Ripping Up the Scorecard – Peaceful Living without Grudges

keeping-scoreNot long ago, I would walk into a room and negative feelings would burst into my heart – “That guy took my Job!” “That person insulted me.” “That person disrespected me!” “That person rejected my offering to teach!” I walked in calm – and walked out with sour feelings.

Certain things helped me to change my attitude. Now, when I walk into a room I feel neutral. I am still trying to build my attitude to feel positive to even the people who hurt me. It takes time. I have to take one step at a time.

When hate, animosity and grudges drives one’s life – their life is full of bad feelings and darkness. G-d wants people to live a life of happiness and light through people following the Torah’s pleasant and peaceful ways.

Choose Happiness over Being Right

I used to hold grudges against people – I would keep a mental scorecard of the bad people did until I heard something that the Tzemach Tzedek said. He mentioned that Children are different from adults – adults tend to hold grudges and bad feelings towards others. Children forgive and forget. One minute they are angry with someone the next minute they are best friends. The Tzemach Tzedek remarks the difference between children and adults is that adults would rather be right than happy in their personal relations – while a child would rather be happy than to be right.

Stand Strong but Forgive

I don’t condone that a person should be like a wet rag or a carpet that everyone tramples. One must stand up for their values and not let others do bad to them. If a person is an unrepentant bad doer – you don’t have to forgive. I am advocating that one releases negative feelings for their own sake and sanity. We gain little by hatred of our fellow Jew. Actually the Torah says “You shall love your fellow like yourself” – so it is forbidden to hate a fellow Jew in your heart.

Hear No Evil – Speak No Evil

The question is how can we let go of these – grudges and animosity for others. One way is to not speak badly of others. If we refrain from speaking and hearing bad (regardless of it being true) about our fellow Jew – we will be able to overcome a great part of the negative feelings for others.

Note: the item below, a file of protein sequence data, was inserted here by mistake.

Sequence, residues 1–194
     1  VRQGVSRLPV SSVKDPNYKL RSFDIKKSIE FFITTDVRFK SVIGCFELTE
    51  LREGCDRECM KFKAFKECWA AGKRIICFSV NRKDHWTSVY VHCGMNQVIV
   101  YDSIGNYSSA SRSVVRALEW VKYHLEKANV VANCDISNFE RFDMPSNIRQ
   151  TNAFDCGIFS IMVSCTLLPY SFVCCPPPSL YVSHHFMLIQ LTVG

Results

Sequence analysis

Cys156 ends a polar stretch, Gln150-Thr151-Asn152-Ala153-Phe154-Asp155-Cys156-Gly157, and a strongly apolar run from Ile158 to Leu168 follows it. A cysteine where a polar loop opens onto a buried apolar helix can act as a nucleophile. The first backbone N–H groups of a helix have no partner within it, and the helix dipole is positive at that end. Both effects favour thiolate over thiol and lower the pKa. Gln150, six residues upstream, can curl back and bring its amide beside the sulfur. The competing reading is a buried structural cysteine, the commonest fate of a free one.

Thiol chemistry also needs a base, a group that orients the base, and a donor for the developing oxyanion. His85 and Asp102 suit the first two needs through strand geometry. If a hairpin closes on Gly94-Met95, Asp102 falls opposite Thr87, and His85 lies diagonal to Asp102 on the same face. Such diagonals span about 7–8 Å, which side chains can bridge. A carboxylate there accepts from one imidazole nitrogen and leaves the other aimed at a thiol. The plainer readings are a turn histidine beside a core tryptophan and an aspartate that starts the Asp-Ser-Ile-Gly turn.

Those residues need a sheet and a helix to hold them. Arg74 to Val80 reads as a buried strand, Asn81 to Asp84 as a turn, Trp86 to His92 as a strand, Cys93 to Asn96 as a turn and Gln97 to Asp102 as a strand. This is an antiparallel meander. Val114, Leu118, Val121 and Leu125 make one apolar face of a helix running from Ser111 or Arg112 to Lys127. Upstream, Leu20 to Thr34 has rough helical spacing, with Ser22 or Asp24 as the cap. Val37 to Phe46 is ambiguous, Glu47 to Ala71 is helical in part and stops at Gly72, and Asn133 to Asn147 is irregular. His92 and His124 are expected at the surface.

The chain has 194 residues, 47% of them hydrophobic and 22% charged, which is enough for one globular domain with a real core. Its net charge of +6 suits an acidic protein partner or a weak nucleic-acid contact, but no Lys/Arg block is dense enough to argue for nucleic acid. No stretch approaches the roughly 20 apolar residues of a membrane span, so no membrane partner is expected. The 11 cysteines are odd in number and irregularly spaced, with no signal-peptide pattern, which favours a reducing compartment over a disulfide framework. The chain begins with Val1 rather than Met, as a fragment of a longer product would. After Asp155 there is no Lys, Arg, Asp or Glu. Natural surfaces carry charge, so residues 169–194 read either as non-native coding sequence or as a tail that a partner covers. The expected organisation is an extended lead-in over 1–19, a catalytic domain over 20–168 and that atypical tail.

Understanding People – recognizing We are all Human

People are people. We all make mistakes. Say a strong word that you regret two minutes later. Eat some grapes from at the supermarket. Take someone’s parking space. Or it could be jealousy – why does he have what I don’t? OK. It is not right – but it happens. You say – What does G-d want from me? I make mistakes, I am only human.

If we can accept our failures – can’t we understand other people’s misdeeds toward us as well?

Clarifying the bad to the perpetrator

We fall at times into the waves of life. We lower our guard in action, speech and thought. It’s true – we can avoid these faults, but our ego and desires work to pull us down, while our soul brings us up.

We have three choices – ignore the improper deed, thought or action – and chalk up our errors to human frailty or think everybody does it; Justify our action and make it the standard of action; or Admit the fault and ask for forgiveness and make restitution or a new resolution to improve to G-d and man.

If one asks for forgiveness, normally that should quell bad feelings. If they ignore the bad done that is what hurts. The Torah’s remedy is to go up to the person who did hurt you privately and ask gently “You did this and this. Can you please explain why you did that.” Getting the feelings out in the open – for them to be discussed and dealt with – also helps to calm animosity. People can stay with grudges towards another person for many years – and the other person may not even know that he or she hurt the victim. When you explain you were hurt – they will probably apologize or at least tell their part of the story.

Loss to the Haters of the World / Choosing Life over Hatred

One of the Torah’s explanations of Anti-semitism is that people want to be free from morality. The Jews represent morality of G-d and the Torah. So it is easier to disrespect Jews – because they represent G-d – than to come to terms that they must redress their ways to follow the 7 laws of the Torah for gentiles or 613 laws for Jews. If they did follow Torah they would ultimately live a happier life.

A happier existence is in our own hands. Our inner animosity is not other people’s fault. We choose to hate. We choose to love. We can choose life over hatred. Why not start today?

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